So, you know, Thieu’s got a whole range of his own political problems that we Americans don’t seem to pay much attention to, well, because, we’re so focused on our own. So, you know, Thieu has this unstable situation. I mean, if he goes along with some kind of agreement and his hawks and his National Security Council and his National Assembly don’t agree, he could be toppled.
And if he’s toppled by his own people and it brings together, say, a much more hawkish leader, you know, or a much more dovish dealer, you know, that makes peace all that much more precarious. So, you know, this is a difficult balancing act between, you know… You can imagine, obviously, we think, as Americans, of this primarily as a foreign policy issue to end a war. But there are domestic consequences here. There are domestic consequences in Saigon. And there are domestic consequences in Hanoi. You know, so each side has its own balancing act while the considerations at the negotiating table also have to be balanced.
Jonathan Movroydis: Let’s continue the story two weeks later. This is Nixon, Kissinger, and Military Assistant Alexander Haig in the executive office building on October 12th, 1972.
Richard Nixon: Well, it was a long, long day—
Henry Kissinger: [unclear] Mr. President—
Richard Nixon: Sure.
Henry Kissinger: Well, you got three out of three, Mr. President. It’s well on the way.
Richard Nixon: You got an agreement? Are you kidding?
Henry Kissinger: No, I’m not kidding.
Richard Nixon: Did you agree on it? Three out of three?
Henry Kissinger: Although it’s done, we got to—
Richard Nixon: [laughs]
Henry Kissinger: We got it word for—
Richard Nixon: I see.
Henry Kissinger: —word. We got a—we got a text.
Richard Nixon: [humorously] Al—I’m going to ask Al, because you’re too prejudiced, Henry. You’re so prejudiced to the peace camp that I can’t trust you. Don’t you think so, Al?
Alexander Haig: Yes, sir.
Henry Kissinger: If it is done—?
Richard Nixon: What about Thieu?
Alexander Haig: It isn’t done.
Henry Kissinger: Well, that’s the problem, but it is a commitment.
Alexander Haig: He wanted this agreement.
Richard Nixon: It’s not insurmountable. How do we handle it?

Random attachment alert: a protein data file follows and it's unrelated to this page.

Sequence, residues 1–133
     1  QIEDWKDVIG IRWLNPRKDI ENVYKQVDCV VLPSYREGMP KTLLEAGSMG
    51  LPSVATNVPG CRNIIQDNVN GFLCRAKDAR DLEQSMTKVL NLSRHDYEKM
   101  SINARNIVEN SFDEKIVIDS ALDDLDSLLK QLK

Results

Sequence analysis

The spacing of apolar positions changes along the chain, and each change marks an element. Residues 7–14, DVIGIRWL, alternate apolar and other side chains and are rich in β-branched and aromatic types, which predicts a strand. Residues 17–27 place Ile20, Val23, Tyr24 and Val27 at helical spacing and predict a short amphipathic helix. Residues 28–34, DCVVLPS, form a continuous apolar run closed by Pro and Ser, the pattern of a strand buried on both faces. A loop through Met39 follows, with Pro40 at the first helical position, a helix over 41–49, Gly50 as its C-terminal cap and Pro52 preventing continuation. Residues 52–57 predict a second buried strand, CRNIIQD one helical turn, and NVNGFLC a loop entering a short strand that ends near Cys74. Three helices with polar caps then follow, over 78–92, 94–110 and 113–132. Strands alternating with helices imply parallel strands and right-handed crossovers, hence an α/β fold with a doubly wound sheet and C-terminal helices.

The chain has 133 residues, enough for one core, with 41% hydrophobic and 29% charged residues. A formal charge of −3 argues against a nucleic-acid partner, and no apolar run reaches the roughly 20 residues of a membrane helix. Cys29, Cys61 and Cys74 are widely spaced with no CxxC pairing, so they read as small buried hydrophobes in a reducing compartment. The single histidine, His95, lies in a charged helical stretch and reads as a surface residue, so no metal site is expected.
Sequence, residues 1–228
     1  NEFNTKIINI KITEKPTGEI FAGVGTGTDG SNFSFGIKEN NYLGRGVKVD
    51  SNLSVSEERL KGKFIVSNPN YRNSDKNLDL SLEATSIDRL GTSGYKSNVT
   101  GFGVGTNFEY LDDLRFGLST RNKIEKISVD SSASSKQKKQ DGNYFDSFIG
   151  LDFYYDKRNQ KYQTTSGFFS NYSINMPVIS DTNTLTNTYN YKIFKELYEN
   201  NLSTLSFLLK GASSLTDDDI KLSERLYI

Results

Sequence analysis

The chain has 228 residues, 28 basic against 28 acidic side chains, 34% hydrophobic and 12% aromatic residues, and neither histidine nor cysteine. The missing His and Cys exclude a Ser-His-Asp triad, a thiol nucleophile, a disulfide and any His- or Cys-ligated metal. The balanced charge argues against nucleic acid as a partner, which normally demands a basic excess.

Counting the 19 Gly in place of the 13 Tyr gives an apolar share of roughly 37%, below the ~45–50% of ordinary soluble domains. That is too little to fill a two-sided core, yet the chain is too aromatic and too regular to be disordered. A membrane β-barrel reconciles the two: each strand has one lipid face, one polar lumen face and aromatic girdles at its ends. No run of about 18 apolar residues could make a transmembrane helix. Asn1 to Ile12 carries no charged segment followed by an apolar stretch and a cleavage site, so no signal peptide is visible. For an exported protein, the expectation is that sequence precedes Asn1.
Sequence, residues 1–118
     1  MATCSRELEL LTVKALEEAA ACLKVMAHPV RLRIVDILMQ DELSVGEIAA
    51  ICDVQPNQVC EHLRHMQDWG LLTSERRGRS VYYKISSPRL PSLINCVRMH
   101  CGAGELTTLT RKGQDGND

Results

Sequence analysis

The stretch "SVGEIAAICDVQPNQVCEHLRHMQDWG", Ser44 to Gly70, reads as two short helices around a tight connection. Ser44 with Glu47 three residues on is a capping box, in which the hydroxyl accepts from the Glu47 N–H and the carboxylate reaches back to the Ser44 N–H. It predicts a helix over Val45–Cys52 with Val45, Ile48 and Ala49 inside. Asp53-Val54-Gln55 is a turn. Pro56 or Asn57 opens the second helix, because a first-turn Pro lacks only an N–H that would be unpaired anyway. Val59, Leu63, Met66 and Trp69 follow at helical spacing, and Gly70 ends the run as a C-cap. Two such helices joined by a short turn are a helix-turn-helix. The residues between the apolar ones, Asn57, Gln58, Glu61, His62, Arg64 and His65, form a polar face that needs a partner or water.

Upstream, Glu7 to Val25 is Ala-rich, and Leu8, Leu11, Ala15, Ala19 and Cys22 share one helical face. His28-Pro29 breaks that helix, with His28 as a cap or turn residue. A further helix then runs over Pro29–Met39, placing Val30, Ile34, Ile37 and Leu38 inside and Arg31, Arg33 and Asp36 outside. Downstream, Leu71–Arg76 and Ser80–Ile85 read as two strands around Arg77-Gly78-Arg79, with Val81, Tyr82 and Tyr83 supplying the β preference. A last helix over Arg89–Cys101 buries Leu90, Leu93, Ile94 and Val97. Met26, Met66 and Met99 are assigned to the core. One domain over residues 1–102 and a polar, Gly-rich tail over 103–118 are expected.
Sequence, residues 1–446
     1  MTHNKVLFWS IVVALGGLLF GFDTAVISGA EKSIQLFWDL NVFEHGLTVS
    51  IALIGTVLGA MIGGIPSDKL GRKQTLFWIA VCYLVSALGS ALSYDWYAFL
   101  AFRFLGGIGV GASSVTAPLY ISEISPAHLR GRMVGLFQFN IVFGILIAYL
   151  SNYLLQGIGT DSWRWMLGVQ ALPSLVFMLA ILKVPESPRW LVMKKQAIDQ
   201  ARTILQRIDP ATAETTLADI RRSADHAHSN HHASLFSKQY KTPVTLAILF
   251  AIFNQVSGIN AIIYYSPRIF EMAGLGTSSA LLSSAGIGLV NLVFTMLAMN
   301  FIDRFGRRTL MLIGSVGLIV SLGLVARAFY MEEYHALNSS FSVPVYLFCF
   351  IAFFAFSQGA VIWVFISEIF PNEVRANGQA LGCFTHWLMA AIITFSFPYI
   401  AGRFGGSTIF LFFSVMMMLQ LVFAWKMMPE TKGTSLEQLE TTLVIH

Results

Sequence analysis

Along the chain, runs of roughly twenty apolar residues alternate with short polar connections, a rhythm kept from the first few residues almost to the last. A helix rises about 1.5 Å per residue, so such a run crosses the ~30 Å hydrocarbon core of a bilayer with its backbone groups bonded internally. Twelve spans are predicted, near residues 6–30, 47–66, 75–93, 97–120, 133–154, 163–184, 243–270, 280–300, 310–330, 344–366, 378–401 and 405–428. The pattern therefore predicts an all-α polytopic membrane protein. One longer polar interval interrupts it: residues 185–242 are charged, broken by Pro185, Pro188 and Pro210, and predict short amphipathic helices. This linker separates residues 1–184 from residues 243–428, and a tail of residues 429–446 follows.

Henry Kissinger: I have to—I have to go up—out—here is what we have to do: I have to go to Paris on Tuesday [October 17] to go over the agreed things word-for-word with Le [Duc Tho].
Richard Nixon: You could then get it?
Henry Kissinger: No problem. I think we have an agreed text. I’ve left a man behind to go over it. Except, but I’ve—you know, just in case there’s any last minute treachery. Then I go to Saigon to get Thieu aboard. Then I have to go to Hanoi if they’re willing [unclear]—
Richard Nixon: I understand.
Henry Kissinger: That was the price we had to pay.
Richard Nixon: Well, that’s no price if we get Thieu aboard. What do you think, Al? When do you get him aboard?
Henry Kissinger: That’s—
Alexander Haig: He’s already aboard—
Henry Kissinger: But the deal we got, Mr. President, is so far better than anything we dreamt of. I mean it was absolutely, totally hard line with them.
Richard Nixon: Good.
Henry Kissinger: The deal is [unclear]—
Richard Nixon: Won’t it totally wipe out Thieu, Henry?
H.R. Haldeman: Yeah.
Henry Kissinger: Oh, no. It’s so far better than anything we discussed. He won’t like it because he thinks he’s winning, but here is the deal, just to give you the main points, then I’ll tell you [unclear]—
Richard Nixon: We can do that after.
Henry Kissinger: All right, afterwards. The cease-fire will go into effect—
Jonathan Movroydis: Luke, why at this point is Dr. Kissinger so confident that the President has gone three for three for diplomatic achievements with China, Russia, and the Vietnam War?
Luke Nichter: Well, this three for three thing is kind of a…I mean, it’s clearly some kind of an organizing method of the foreign policy achievements for that year because, you know, you hear it a couple of other times, that exact phrase, or, you know, talk like this. I don’t recall anything like it after China, which was the first one of three achievements. But I recall another conversation after the Soviet Summit where either Nixon or Kissinger says to the other, “Well, you’ve got two out of three,” meaning just Vietnam is left to do this year.
And then, also, after the election, they talk about three for three again and Nixon says to Haldeman, you know, something like, “There’s never been another year like it. It would be a great book, you know, someone should write is kind of, you know, three for three.” And so, that was kind of the inspiration…
You know, when I heard that tape and had time to reflect on it, you know, that was kind of the inspiration for me to do that first Nixon Tapes book with Douglas Brinkley, was to kind of really fashion it around, you know, three for three, you know, to try to keep other things out of it as much as possible, to keep Watergate out of it. That kind of comes later. But, you know, I thought, “Well, he’s right.” You know, and that kind of became the idea of Bill Safire’s book, “Before the Fall.” But he wasn’t really involved in foreign policy.